This is a tie we are expected to win and is probably our easiest fixture in the CL, anything less than 3 points will be costly,

Champions League campaigns may come and go but Arsenal are Forever and Ever 🙂


Big Raddy

Overconfident Mancs? MU preview

August 28, 2011

“We won the League ….. In Manchester”

We won the League at Old Trafford etc……. “

Seems like a long time ago since Mr Wiltord ensured another title for the men in the white hats. It would be reasonable to say that whilst United have consolidated and strengthened, we have taken a step back. The reasons have been discussed ad nauseum across the AFC blogworld, we all have our theories and pre-match is not the time to further the discussion.

Rarely have I known Gooners go into a PL game with so little expectation, actually that’s not true – there is an expectation – we are goimg to get hammered. Why? …. oh, there are so many reasons for the lack of optimism:  Recent history at OT, injuries, suspensions, exhaustion,  inexperience, players out of their natural positions etc etc etc. BUT …..

It is still a game of 11 versus 11, and whilst we may not have our first choice team available we still have a very good side. MU may be Champions (and deservedly so) but they have their own difficulties: An very youthful and untested CB pairing, a lack of a creative midfielder, a dependence upon the talents of Rooney, a dodgy keeper. etc etc

Where MU undoubtedly have an advantage is with the officials. However MU fans may like to suggest otherwise the facts point to an undoubted bias towards MU at OT. Since the beginning of 2009 – over 2 seasons, only one penalty has been awarded to the opposition at OT, whereas 8 were awarded to MU ( Arsenal stats for Emirates AFC . For 9, against 8). This is before dodgy offsides, non-goals, cards given for an MU dive, 110 minute games etc. This bias is so prevalent that it has become accepted by everyone outside of OT. Harold Webbis today’s victim, let us hope he has a good game.

This is a huge game in our calendar, one of the highlights of the season and whomever AW decides to play, they will give their all. We have match winners despite our problems and despite the shuffles , the defence looks sound. Suggestions have been made that Djourou could play in midfield …. seems a reasonable shout, better than throwing Lansbury into a massive game.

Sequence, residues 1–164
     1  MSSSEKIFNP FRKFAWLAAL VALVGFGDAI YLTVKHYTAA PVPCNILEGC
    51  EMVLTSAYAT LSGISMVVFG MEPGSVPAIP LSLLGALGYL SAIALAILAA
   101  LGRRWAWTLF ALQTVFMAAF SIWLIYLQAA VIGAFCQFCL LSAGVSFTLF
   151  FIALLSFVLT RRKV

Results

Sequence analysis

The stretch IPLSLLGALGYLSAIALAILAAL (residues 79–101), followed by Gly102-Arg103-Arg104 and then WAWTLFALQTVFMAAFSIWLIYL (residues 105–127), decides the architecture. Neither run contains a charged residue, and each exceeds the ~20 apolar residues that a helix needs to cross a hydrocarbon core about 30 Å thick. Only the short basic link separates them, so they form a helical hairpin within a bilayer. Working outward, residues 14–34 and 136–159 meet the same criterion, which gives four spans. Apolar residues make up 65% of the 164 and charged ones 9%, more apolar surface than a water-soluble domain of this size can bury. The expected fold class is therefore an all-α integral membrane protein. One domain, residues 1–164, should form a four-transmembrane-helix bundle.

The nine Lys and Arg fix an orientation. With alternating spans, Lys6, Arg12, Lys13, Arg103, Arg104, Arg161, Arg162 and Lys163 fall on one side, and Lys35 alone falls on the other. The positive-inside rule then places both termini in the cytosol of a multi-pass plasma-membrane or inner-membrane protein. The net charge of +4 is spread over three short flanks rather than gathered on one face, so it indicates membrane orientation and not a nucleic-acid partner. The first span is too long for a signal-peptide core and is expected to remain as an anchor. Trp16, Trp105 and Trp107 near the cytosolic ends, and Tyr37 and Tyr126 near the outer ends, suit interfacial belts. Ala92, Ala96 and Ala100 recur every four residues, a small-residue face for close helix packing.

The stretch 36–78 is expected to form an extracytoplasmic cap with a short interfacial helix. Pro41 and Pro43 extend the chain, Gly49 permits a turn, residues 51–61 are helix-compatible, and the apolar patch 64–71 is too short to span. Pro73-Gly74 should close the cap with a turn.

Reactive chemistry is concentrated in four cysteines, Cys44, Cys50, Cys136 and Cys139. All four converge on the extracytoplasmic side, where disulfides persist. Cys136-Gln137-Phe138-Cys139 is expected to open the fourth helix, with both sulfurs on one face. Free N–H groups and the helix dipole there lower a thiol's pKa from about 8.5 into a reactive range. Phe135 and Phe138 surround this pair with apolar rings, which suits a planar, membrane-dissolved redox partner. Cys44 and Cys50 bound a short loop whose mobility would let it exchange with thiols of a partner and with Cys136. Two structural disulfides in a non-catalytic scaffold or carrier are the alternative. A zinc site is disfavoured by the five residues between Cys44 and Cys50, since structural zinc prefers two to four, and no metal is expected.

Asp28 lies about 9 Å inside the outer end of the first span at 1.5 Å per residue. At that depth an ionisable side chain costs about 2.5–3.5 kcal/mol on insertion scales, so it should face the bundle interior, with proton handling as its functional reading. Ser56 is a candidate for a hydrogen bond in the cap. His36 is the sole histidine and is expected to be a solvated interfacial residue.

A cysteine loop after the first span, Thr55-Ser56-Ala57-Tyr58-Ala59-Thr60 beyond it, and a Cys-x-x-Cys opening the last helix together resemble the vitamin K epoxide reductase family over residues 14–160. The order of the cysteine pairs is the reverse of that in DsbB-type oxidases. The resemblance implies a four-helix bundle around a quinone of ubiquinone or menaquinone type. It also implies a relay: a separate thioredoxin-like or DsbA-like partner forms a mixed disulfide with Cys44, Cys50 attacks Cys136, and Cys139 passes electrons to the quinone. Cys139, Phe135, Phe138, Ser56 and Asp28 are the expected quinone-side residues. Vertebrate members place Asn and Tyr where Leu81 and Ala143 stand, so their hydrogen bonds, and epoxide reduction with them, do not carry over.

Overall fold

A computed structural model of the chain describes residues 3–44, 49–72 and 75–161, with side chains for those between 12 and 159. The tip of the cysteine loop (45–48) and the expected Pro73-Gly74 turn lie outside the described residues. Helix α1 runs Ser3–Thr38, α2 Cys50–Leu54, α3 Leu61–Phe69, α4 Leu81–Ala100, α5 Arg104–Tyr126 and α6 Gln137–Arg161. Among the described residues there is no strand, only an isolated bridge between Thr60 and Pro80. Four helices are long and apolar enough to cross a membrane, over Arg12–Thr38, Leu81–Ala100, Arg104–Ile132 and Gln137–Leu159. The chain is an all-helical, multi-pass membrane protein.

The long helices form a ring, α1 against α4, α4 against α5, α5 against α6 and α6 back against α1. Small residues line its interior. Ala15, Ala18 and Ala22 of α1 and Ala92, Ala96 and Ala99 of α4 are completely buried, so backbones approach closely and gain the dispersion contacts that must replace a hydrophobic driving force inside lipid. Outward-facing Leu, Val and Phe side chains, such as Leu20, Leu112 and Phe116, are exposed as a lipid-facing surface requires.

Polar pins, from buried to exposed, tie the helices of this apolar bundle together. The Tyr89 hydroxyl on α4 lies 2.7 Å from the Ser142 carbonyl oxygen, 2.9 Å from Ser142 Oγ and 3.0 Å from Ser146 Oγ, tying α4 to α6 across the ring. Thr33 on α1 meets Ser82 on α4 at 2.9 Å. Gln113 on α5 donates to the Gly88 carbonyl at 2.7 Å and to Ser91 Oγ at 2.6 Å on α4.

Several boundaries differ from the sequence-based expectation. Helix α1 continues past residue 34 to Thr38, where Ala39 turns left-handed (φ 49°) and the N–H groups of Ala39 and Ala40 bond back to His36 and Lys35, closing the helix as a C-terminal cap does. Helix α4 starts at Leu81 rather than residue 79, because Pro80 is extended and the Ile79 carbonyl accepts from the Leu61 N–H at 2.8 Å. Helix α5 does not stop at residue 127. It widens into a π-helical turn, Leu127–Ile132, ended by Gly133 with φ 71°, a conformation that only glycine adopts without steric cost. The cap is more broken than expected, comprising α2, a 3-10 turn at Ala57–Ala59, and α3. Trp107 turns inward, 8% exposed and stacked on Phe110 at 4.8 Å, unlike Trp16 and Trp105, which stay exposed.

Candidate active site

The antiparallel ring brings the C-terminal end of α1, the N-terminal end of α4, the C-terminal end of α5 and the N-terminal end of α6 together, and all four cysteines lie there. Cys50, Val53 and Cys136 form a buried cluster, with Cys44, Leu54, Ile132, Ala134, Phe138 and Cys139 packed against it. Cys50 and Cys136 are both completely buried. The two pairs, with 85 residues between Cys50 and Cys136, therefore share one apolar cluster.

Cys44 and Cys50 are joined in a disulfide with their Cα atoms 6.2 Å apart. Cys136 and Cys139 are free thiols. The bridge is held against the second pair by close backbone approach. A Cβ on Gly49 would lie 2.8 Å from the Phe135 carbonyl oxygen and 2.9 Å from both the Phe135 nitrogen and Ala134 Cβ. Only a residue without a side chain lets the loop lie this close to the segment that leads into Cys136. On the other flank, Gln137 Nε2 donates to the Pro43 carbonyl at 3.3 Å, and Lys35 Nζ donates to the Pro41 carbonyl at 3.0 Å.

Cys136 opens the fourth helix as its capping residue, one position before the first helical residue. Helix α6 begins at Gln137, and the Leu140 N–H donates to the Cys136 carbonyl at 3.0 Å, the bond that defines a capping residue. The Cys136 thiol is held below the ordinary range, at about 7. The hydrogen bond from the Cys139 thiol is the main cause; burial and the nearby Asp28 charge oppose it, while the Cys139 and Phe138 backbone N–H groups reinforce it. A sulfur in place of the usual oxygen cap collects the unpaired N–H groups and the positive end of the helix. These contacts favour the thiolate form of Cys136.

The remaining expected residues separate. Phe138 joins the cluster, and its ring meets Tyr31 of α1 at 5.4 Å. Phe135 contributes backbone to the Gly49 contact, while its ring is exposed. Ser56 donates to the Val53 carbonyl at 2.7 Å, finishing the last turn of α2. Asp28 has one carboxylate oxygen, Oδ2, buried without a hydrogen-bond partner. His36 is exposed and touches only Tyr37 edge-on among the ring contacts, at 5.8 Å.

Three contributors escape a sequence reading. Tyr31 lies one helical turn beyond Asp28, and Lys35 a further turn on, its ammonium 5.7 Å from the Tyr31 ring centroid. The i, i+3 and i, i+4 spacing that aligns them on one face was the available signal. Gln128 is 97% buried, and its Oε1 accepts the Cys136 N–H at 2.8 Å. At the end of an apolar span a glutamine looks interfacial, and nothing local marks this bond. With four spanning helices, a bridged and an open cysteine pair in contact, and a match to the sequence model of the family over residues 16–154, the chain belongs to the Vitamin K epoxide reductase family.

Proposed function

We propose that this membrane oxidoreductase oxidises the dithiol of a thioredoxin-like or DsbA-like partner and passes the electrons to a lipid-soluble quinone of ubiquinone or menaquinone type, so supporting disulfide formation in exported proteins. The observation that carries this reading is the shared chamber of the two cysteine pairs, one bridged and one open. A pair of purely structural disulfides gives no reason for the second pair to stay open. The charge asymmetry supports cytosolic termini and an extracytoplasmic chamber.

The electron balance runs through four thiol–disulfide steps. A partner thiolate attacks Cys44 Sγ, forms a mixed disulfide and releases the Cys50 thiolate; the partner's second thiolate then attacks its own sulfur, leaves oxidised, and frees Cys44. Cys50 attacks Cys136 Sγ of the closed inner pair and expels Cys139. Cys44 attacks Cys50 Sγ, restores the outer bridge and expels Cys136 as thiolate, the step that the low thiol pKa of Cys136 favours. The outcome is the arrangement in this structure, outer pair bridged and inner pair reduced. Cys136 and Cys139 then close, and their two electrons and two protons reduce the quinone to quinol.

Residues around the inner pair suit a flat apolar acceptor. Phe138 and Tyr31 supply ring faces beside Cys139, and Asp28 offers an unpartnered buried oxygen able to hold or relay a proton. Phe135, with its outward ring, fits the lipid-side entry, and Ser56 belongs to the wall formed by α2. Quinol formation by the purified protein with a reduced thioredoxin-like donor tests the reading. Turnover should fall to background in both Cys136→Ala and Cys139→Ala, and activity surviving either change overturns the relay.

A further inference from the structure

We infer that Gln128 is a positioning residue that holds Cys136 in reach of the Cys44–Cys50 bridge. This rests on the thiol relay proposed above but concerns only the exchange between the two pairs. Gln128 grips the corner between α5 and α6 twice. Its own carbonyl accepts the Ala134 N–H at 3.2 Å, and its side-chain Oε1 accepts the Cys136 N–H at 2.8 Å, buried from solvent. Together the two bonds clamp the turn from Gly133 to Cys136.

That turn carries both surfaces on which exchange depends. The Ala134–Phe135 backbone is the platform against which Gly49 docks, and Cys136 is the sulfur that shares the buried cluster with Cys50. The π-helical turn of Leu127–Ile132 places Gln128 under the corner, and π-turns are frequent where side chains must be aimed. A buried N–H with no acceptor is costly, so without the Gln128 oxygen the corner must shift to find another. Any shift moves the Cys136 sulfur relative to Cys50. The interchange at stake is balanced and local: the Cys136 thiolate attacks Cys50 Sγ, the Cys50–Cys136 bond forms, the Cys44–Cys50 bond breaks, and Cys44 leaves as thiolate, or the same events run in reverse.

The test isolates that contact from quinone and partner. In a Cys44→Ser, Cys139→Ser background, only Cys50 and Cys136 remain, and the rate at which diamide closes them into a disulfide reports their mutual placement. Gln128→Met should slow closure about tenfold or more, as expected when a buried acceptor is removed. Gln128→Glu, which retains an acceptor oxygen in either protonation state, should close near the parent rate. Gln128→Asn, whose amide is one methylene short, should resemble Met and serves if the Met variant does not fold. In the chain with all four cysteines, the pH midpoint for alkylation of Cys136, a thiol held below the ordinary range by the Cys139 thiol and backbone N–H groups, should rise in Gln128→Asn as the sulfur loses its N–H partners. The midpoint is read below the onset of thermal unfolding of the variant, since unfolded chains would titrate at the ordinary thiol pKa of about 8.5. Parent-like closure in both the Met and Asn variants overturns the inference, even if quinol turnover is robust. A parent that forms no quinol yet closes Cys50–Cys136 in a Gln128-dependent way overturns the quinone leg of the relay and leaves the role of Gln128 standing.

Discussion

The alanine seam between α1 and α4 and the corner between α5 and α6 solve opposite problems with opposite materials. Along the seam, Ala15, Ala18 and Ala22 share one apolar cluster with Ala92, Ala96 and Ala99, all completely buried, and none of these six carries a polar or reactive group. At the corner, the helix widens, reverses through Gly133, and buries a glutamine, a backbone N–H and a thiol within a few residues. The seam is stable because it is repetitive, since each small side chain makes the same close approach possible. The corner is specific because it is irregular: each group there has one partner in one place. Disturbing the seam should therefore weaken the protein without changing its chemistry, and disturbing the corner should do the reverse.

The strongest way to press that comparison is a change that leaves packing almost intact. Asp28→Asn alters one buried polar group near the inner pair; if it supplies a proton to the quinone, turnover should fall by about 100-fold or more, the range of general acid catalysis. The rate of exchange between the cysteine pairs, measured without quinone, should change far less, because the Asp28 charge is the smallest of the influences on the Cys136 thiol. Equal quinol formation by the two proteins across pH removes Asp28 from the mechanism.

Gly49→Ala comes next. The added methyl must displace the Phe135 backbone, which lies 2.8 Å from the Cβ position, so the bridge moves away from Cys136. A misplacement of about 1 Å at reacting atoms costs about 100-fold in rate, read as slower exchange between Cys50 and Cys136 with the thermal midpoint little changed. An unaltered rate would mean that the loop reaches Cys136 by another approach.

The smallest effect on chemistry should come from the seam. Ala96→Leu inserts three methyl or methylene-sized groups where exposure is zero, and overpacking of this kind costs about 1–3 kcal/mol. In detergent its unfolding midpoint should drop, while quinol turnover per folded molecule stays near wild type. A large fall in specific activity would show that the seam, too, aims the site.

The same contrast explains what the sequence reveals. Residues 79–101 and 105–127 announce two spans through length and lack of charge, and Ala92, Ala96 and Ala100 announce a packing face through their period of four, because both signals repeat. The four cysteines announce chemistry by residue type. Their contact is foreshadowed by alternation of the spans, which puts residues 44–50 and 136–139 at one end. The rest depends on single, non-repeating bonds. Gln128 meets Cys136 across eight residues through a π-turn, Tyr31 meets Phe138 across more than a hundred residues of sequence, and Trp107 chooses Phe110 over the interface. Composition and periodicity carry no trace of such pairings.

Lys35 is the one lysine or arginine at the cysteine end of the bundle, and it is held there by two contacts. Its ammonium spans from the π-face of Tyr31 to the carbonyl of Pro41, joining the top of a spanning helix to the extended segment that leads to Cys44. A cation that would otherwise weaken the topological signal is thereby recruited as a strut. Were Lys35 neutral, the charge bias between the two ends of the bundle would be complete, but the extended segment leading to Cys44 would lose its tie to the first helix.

Our record at Old Trafford has been poor in recent years, no win since 2006, Furthermore, United have not lost a home PL game for 17 months! The Manc blogs are united in their optimism – most predict a home win by a least 2-0 and a comfortable victory. It is true that MU have started the season very well, the seond half against a sub-standard Spurs was an exhibition of superb attacking football to which the cave dwellers had no answer (and still have no points).

But …… our win in Italy was founded upon a determination which has rarely been seen in the squad since Sol and PV left. We are expected to lose yet we have real firepower in our front line, hard workers in our midfield and a beginning of a solid defence based around a superb goalkeeper. Should we score first, I rate our chances highly.

My team:

Either JD or Kos could play as DM. They both have shown an eye for a pass and the ability to get forward. Just read there could be a problem with Sagna, in which case, Lansbury has to play MF and Koscielny can go left …. tough times!

There have been many inventors from Manchester, my favourite being Roy Chadwick who designed the Lancaster bomber as well as the Vulcan bomber upon which Concorde was based.  Chadwick died in 1947 testing one of his own designs.

A question was posed midweek …. which game would we rather win, Udinese or MU. Almost everyone said the CL match. I disagree, I want to win both.


Written by Big Raddy

Europe – guess who is back?

August 25, 2011

14 years in the Champions League and counting!

 By TotalArsenal



— Udinese – Arsenal: 1-2 Match Report —

 Let’s open with a cliché: this was a game of two halves. The first half was ok, but possibly not good enough to qualify for this year’s CL. During the second half Arsenal found its identity again and deservedly beat a spirited, and at times attractively footballing, Udinese football team.